Great Barrington takes step to end impasse
GREAT BARRINGTON -- Town officials are looking at steps to refurbish the former Dewey School in the hopes of expediting the signing of a long-term lease for the Southern Berkshire District Court building.
The Select Board unanimously voted to solicit bids for repairs to the exterior of the building, which at a minimum needs new paint and carpentry repairs. Board members said it would be a "good-faith" effort that could help move the negotiations along.
The building, which is in need of significant upgrades, has been leased by the Massachusetts Court System on a year-to-year basis since plans to relocate to a new facility in Lee were canceled in 2009. Since that time, both the town and the state have sought a long-term lease for the space, but have been caught in a "Catch-22," according to Town Manager Kevin O’Donnell, because the state won’t sign on to an agreement without assurances of certain repairs and the town won’t agree to make the repairs without a commitment from the state to remain there for the foreseeable future.
That quandary, along with state funding limitations, have stalled talks of a deal for years.
This month, the Court System sent O’Donnell a 22-page list of improvements it would like to see done in order to facilitate a long-term lease. What ever upgrades are eventually agreed upon will influence the amount the state pays in rent. Currently, the state pays roughly $82,000 annually to lease the facility.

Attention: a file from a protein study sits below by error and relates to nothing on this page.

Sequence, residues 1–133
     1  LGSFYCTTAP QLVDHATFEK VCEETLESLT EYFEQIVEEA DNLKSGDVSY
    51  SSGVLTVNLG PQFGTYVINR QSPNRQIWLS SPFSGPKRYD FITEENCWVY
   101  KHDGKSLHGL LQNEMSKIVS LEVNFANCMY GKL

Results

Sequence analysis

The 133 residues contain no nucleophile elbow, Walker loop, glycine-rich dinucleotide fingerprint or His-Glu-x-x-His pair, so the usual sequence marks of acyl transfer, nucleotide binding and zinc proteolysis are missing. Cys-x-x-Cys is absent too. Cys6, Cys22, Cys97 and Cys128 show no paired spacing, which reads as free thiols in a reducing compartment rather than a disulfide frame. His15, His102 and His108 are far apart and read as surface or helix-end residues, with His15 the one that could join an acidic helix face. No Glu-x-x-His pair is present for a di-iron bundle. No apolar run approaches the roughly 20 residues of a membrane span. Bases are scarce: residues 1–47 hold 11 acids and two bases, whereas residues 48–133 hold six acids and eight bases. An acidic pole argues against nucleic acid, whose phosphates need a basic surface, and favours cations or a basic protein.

"The town must review the preliminary scope of work and develop a budget, so that negotiation on a longer-term lease can continue," Joan Kenney, a spokesperson for the Supreme Judicial Court, wrote in an email to The Eagle on Thursday.
O’Donnell said the list of requests from the Court System isn’t a "take it or leave it" demand, and the town is reviewing the list to assess priorities and cost estimates.
When O’Donnell addressed the document at the Select Board’s strategic planning session on Wednesday, board members said it was time to do what it can to resolve the impasse.
Board Chairman Sean Stanton said the state of the building is "kind of sad."
"As the landlord, the responsible thing would be to fix the building and create a space that someone would want a long-term lease for," said Stanton.
The town has a reserve fund of $169,500 specifically designated for upgrades to the building.
O’Donnell said he expects a resolution in the negotiations during this fiscal year.
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